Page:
Language barrier may be higher indicator of COVID-19 mortality than race: Brigham and Women's Hospital

Boston-based Brigham and Women's Hospital realized in the initial days of the pandemic that Spanish-speaking Latino COVID-19 patients were faring worse than those who spoke English, reports NPR. 

The hospital has discovered health inequities deeper than just race, said Karthik Sivashanker, MD, medical director of quality, safety and equity at Brigham and Women's Hospital.

"There was no mortality difference when we just looked at Hispanic patients with COVID-19," Dr. Sivashanker said. "But there was a mortality difference when we looked at Hispanic patients who are non-English speaking."

Researchers adjusted data for comorbidities and found that primarily Spanish=speaking COVID-19 patients had a 35 percent greater risk of death from COVID-19 compared to other patients.

During initial COVID-19 surges, interpretive services at Brigham were overwhelmed, reports NPR. The hospital has since hired more interpreters and bought more iPads, but Dr. Sivashanker acknowledges that that isn't enough.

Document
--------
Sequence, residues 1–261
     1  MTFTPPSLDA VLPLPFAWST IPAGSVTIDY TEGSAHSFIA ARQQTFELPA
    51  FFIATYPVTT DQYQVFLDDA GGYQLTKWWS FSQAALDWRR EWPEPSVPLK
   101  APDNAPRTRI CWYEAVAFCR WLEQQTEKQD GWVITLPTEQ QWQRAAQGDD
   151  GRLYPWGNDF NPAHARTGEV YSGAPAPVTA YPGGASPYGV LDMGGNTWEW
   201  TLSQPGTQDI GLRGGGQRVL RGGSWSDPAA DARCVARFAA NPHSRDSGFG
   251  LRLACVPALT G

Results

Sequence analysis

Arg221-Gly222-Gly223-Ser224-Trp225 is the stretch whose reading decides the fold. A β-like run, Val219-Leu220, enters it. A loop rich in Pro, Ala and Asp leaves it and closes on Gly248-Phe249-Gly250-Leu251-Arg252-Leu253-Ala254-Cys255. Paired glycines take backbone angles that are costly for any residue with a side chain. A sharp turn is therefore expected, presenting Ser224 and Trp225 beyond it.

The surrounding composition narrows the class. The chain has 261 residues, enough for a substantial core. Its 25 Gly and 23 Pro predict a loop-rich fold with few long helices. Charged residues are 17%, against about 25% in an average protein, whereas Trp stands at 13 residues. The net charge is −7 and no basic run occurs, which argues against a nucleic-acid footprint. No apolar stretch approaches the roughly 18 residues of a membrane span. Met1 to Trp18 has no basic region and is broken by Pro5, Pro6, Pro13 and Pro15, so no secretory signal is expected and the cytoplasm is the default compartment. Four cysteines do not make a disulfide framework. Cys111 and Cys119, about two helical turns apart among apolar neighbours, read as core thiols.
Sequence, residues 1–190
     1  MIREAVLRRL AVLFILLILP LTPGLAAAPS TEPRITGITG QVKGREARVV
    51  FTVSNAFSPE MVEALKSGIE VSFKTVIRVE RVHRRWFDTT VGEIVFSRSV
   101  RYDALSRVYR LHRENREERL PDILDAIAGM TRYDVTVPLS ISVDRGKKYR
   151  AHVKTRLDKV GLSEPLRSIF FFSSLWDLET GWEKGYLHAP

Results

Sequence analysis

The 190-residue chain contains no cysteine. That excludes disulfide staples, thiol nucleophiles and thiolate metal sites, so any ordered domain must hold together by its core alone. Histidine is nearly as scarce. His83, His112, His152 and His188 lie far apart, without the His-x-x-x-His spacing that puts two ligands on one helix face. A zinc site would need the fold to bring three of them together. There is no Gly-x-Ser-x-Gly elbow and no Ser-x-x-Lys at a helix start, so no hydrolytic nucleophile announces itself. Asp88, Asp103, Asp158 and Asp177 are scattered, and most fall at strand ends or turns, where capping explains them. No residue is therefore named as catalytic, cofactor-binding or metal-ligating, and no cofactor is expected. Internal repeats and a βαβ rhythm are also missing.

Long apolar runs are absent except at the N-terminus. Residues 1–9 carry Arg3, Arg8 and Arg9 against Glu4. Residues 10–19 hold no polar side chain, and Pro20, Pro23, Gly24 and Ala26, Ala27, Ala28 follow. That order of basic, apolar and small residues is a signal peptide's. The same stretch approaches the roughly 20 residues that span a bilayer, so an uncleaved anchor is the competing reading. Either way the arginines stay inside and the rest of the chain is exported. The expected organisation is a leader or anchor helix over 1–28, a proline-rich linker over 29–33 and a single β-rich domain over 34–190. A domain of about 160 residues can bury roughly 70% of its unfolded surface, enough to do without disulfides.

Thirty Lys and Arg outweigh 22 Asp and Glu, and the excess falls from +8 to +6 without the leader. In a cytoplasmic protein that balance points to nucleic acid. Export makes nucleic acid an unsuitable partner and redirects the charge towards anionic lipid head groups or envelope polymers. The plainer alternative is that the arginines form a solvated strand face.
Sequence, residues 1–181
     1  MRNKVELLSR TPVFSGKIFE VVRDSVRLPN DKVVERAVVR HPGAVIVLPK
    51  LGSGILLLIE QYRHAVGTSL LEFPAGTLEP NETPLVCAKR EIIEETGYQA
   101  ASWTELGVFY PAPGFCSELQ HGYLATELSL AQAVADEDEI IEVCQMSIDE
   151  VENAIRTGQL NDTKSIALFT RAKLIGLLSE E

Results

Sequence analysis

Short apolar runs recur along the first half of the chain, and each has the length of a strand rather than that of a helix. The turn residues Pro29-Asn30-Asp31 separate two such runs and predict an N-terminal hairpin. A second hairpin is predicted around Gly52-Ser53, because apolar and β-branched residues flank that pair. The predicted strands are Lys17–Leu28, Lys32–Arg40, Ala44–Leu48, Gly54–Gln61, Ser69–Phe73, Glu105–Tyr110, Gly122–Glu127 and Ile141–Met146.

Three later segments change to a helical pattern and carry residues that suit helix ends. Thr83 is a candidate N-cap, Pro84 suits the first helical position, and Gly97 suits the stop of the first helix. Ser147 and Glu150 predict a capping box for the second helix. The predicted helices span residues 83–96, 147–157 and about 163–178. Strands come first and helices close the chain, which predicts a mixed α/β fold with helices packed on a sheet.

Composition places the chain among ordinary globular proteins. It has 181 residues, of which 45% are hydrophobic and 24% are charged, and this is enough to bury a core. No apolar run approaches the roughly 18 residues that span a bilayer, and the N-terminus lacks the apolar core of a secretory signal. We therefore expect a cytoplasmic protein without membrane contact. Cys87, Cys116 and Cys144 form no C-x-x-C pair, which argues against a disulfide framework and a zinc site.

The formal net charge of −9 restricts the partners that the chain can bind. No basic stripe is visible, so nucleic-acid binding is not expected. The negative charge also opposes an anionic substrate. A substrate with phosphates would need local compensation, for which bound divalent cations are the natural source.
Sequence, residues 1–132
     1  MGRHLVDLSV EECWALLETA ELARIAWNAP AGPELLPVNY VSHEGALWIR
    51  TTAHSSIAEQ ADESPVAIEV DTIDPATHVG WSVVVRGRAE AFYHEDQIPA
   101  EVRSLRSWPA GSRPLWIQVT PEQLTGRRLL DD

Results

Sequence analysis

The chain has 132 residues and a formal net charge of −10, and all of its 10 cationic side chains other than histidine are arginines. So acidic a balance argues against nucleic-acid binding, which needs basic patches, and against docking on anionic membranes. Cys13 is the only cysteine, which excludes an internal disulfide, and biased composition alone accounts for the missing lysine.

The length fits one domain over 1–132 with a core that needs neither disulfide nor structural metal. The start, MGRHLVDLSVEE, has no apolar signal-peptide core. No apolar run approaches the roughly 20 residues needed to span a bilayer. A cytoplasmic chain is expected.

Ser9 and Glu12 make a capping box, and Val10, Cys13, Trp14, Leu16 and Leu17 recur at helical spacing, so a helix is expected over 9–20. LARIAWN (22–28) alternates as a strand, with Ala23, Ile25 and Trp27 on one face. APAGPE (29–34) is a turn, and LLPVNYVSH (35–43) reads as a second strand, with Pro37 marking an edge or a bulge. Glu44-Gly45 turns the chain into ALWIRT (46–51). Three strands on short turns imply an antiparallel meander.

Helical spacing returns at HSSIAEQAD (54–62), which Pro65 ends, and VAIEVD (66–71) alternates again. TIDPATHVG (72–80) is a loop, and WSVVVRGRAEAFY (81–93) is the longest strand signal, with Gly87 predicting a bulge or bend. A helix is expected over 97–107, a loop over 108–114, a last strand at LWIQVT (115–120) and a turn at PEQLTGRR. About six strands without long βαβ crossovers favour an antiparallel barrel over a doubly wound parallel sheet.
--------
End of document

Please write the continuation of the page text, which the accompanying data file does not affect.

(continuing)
"It's never going to be as simple as 'Well we just didn't give them enough iPads or translators and that was the only problem,'" Dr. Sivashanker said. Though hospitals can't directly fix the housing, education and income inequities that feed health disparities, Brigham is working to improve the experience patients have in the hospital. 

Since the first COVID-19 surge, Brigham researchers haven't conducted a new analysis of COVID-19 deaths by race.


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